Putin awaits Russia's presidential nomination
Prime Minister Vladimir Putin will be nominated to run in Russia's March presidential polls Sunday in a ruling party congress that hopes to ride its leader's coattails into next week's legislative polls.
The United Russia gathering in Moscow is expected to offer plenty of pomp and patriotic fervor but little suspense after Putin in September accepted a well-choreographed proposal to swap jobs with President Dmitry Medvedev.
Russia's ruling tandem has since been busy rallying support for its party ahead of December 4 elections to the State Duma in which United Russia is expected to lose some of its current dominance while still coming in first.
And the focus Sunday will be squarely on Putin -- an ex-KGB man who has been Russia's most popular figure since his 2000-2008 presidency -- as United Russia tries to absorb his charisma and associate itself more closely with his name.
"With a candidate like Vladimir Vladimirovich Putin, we are confident of our victory," United Russia party secretary Sergei Neverov said on the eve of Sunday's meeting.
The Luzhniki stadium event will be broadcast live across the nation and attended by some 11,000 delegates who besides Medvedev and the top ministers will include famous sports figures and members of Russia's cultural elite.
United Russia will hope to get a boost from the festivities after the publication of two pre-election polls showing the party losing Duma seats for the first time since it stormed the lower house of parliament in 2003.
The independent Levada centre showed United Russia's support slipping from the 64.3 percent it enjoyed in the 2007 elections to just 53 percent today.
This would leave Putin's party holding 253 of the Duma's 450 seats -- well down on the current 315 figure and below the two-thirds constitutional majority needed for the Kremlin to change Russia's basic law without outside support.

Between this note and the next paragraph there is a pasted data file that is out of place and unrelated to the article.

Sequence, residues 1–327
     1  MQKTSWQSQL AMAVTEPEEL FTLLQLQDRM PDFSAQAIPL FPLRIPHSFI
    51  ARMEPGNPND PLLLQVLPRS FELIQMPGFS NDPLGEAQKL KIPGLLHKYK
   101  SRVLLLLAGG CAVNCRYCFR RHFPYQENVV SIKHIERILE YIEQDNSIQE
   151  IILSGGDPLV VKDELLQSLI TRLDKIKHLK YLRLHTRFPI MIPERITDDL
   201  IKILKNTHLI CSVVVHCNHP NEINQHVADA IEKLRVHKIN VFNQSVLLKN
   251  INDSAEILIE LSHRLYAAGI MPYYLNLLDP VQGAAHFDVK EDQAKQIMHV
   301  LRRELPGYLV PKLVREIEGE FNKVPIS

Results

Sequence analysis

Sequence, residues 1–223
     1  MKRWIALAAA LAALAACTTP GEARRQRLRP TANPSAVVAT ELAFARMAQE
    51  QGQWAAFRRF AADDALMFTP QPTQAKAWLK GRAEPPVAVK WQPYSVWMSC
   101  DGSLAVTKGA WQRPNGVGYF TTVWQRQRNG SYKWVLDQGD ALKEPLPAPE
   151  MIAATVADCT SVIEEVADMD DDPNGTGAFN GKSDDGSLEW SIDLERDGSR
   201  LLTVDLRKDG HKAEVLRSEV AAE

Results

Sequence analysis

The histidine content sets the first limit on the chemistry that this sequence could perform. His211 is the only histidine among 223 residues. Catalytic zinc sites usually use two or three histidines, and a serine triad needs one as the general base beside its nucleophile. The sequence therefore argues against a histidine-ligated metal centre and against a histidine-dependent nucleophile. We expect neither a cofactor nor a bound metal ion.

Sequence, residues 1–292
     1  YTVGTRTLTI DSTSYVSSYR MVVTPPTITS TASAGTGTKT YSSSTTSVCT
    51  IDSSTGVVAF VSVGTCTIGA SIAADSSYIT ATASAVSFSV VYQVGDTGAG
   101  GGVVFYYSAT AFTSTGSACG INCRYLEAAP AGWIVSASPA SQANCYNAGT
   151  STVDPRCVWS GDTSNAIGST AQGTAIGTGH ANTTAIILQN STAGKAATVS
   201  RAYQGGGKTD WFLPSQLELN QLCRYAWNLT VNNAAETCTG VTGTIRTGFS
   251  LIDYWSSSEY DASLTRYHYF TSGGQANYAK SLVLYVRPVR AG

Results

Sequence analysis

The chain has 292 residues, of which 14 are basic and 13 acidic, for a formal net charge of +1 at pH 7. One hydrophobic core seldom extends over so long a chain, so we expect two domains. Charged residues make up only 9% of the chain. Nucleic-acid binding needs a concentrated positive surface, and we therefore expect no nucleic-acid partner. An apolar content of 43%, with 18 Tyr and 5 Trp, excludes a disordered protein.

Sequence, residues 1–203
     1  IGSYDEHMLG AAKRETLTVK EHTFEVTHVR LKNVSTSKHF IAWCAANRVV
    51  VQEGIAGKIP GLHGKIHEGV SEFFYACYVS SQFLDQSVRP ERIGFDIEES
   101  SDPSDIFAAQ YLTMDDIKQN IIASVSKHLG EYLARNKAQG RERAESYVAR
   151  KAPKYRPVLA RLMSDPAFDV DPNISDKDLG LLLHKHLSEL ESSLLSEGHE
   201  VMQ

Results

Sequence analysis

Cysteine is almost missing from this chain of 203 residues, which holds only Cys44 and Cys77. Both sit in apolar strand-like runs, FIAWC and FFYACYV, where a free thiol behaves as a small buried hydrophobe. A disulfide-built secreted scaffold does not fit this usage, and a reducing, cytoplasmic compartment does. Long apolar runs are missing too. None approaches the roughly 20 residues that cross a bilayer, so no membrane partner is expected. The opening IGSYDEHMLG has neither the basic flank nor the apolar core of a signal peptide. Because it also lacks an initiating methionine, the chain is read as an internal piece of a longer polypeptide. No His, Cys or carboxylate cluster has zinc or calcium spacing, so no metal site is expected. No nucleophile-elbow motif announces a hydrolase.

A poll conducted by the state-run VTsIOM agency showed United Russia doing only marginally better with 262 seats.
Both studies showed the Communist Part coming in second with about a fifth of the legislature and Vladimir Zhirinovsky's ultra-nationalist LDPR party placing third with almost 60 seats.
A populist group called A Just Russia that has a pro-Kremlin voting record despite its official status as a member of the opposition would be the last to sneak past the seven-percent barrier permitting parties to get Duma seats.
This breakdown has stirred deep resentment from opposition forces that have either been denied registration or had become too enfeebled since Putin's rise to power to pose a serious election threat.
Hundreds of disgruntled voters from both the nationalist and democratic blocs rallied on the main squares of Moscow and Putin's native Saint Petersburg to mark what some said would be the start of United Russia's decline.
"There are full preparations under way for election fraud," senior A Just Russia lawmaker Gennady Gudkov told about 500 supporters at one such Moscow event. "If this fraud takes place, we will go to the streets."
"I hope this day will be remembered as the one on which Putin's party began its decline," added 48-year-old Marat Gelman while attending a simultaneous event in Saint Petersburg.
Putin's presidential nomination will be the first among the major Russian parties. The Communist Party has also confirmed plans to field a candidate. Its leader Gennady Zyuganov has lost badly in three previous races.
© 2011 AFP